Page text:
With the Tollywood industry turning around riding on crossover films and well-mounted commercial flicks, the local industry of Bengali films made here is eyeing a pie of the market in Bangladesh and links with the mecca of film making- the Hollywood.
"There was a time when in Bangladesh a film industry would spend more than 1.5 crore Taka for just one film and in comparison a film in our Tollywood industry would just be made in Rs 15 lakh. But the situation has reversed today" said Tollywood superstar Prosenjit Chatterjee on Friday at the FICCI (Federation of Indian Chambers of Commerce and Industry) organized Media and Entertainment Business Conclave (MEBC).
Prosenjit said: "We are in a far better position because of the multi-lingual film culture in India. Bangladesh being a Bengali speaking community today depends on the Bengali films only. But we have to stand for the cause of good films and make it possible to release those in both the countries."
"The film market must open up for good films and revitalize the Bangladesh film industry as well," he said.
"We are thinking to send some good movies of Tollywood to Bangladesh. Five to six movies would be selected by them for screening there and we will screen an equal number here," said Prosenjit.
A delegation from Tollywood film industry will visit Dhaka in April next year, he informed.
"Right now our focus is on the content of the movie and to reach out to the people of both countries," he said.
On Friday Kolkata got to experience the most awaited business conclave in its second year, arranged by FICCI to boost the film industry in East.
Filmmaker Goutam Ghosh, who is the chairperson of MEBC East, said: "It is high time for us to learn the lessons from Bollywood and Tamil film industry. They have already the concept of marketing and exhibiting films in different parts of the world amongst the different language spoken communities."
"West Bengal is surrounded by Bay of Bengal and mountains, and the riverine Bangladesh has the stunning locations for a beautiful marriage of East and West for the international marketing of cinema, resolving their political barriers," said Ghosh stressing upon the tourism in films for both the countries.
West Bengal Finance Minister Amit Mitra said already land has been allocated for two entertainment cities and a third plot has also been earmarked.
"Moreover Hollywood industry has also shown their interest to invest in our entertainment industry," he claimed.
"In London when we were attending a business round table, there was a company which came up and said they are very interested in entertainment or the film city project we are thinking of in West Bengal," he informed.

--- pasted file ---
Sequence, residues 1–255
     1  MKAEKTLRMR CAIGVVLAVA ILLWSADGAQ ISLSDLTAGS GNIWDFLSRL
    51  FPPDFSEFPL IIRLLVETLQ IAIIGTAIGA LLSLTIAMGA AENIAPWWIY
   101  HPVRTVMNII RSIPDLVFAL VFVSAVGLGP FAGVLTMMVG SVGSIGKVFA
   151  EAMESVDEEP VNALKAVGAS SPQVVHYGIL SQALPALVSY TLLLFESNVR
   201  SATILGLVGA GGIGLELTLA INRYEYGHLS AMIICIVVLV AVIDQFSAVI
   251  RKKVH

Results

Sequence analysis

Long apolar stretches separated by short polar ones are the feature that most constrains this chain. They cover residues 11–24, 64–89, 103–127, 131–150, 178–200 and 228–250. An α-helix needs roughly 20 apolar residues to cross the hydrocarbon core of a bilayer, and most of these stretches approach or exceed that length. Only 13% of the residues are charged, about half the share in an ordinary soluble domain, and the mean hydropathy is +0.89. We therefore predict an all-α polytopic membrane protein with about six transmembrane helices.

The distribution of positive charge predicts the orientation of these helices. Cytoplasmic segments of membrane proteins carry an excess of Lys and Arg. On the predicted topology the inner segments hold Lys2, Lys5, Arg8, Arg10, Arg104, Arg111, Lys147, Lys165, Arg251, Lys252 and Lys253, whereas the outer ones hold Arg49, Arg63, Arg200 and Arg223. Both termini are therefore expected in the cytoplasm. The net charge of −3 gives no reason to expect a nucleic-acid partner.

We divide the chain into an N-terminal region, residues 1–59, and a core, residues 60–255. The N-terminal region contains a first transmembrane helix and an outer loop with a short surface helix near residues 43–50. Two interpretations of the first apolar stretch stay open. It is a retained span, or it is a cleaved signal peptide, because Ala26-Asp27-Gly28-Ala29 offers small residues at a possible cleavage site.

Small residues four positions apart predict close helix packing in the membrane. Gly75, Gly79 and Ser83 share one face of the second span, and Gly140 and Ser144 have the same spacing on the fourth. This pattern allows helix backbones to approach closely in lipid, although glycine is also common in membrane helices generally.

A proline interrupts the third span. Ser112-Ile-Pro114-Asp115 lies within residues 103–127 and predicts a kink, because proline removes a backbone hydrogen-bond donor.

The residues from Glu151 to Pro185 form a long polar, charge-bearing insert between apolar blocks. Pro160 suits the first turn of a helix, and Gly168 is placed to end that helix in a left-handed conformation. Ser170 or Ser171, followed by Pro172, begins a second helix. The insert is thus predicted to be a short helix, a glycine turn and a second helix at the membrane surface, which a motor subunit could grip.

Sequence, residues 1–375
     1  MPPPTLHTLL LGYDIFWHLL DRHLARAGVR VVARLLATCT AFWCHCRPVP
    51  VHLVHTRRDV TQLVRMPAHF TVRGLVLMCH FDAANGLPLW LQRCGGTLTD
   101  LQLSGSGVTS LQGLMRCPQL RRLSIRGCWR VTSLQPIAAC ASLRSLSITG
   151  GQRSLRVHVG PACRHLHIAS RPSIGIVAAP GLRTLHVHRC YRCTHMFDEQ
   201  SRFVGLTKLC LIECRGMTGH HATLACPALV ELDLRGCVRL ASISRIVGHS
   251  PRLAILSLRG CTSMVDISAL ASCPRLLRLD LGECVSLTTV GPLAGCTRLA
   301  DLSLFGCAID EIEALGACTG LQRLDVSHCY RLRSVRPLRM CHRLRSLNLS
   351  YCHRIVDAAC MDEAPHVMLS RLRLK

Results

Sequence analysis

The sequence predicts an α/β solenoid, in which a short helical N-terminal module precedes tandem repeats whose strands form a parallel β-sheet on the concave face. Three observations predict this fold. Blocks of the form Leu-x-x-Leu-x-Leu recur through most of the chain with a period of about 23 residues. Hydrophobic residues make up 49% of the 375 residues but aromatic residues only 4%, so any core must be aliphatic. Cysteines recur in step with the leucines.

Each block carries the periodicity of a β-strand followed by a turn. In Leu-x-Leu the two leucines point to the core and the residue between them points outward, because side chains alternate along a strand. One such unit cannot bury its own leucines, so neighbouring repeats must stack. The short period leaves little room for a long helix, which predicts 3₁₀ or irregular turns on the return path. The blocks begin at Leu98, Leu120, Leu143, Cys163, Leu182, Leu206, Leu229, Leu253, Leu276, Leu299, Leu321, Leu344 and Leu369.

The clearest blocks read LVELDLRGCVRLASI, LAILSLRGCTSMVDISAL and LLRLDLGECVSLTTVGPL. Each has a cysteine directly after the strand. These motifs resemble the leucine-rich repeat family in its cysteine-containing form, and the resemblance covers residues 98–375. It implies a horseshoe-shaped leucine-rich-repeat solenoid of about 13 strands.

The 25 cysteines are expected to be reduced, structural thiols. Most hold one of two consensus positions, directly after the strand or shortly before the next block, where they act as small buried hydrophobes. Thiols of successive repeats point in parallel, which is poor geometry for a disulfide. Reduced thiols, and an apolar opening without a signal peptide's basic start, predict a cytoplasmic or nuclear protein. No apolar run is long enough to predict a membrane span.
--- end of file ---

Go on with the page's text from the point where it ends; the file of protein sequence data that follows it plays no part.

"Not only the television and cinema but also the gaming industry, 3D, special effects and animation are flouring outside India because infrastructure is a critical question in India," said Mitra.
"We need an eco-system to work with in the entertainment industry; no city in the world has the eco-system like West Bengal," added Mitra.
The FICCI conclave in Kolkata also witnessed the presence of some of the biggies and famous names of Bollywood.
Bollywood directors like Mahesh Bhatt, Anurag Basu, Anurag Kashyap, Sujoy Ghosh, Sriram Raghavan discussed the transition of films right from the age of Raja Harishchandra to new generation Barfi.
Tollywood stars like Dev, Jeet, Koel, Abir Chatterjee, Parambrata Chatterjee along with the showman of Bengali industry Prosenjit Chatterjee, who was the convener of the conclave, turned the conclave high on glamous quotient.
Synergies with Bangladesh, the problem of piracy in music and cinema and contribution of Indian cinema in the global periphery were discussed by panelists like Goutam Ghosh, Rituparno Ghosh, Rituparna Sengupta, Babul Supriyo, Sanjay Kutty, Bijay Khemka, Mainak Bhowmik and Jahnu Barua.
The event got its real colour when the most veterans in Indian Cinema like filmmaker Mrinal Sen, actor Soumitra chatterjee and 'Charulata' Madhabi Mukhopadhyay were felicitated by the new generation actors like Jeet, Dev and Koel Mullick respectively.
The big applaud and standing ovation by the audiences enriched the event.
Speaking to IBNS, Soumitra Chatterjee said: "An initiative like this is an encouragement to the breed of new directors who are in need of financial help."
Late icons like filmmaker Yash Chopra, musician Bhupen Hazarika and sitar maestro Pt. Ravi Shankar were paid special homage at the conclave.
Popular Bengali heroine Subhashree Ganguly lit the inaugural lamp in the presence of some senior representatives of the Indian Cinema.
Bangladesh Information and Broadcasting Minister Hasanul Hak Imu was also present to talk on the initiative taking by them to harmonize the tie-ups between India and Bangladesh on the film industry.
(Reporting by Barshali Banerjee)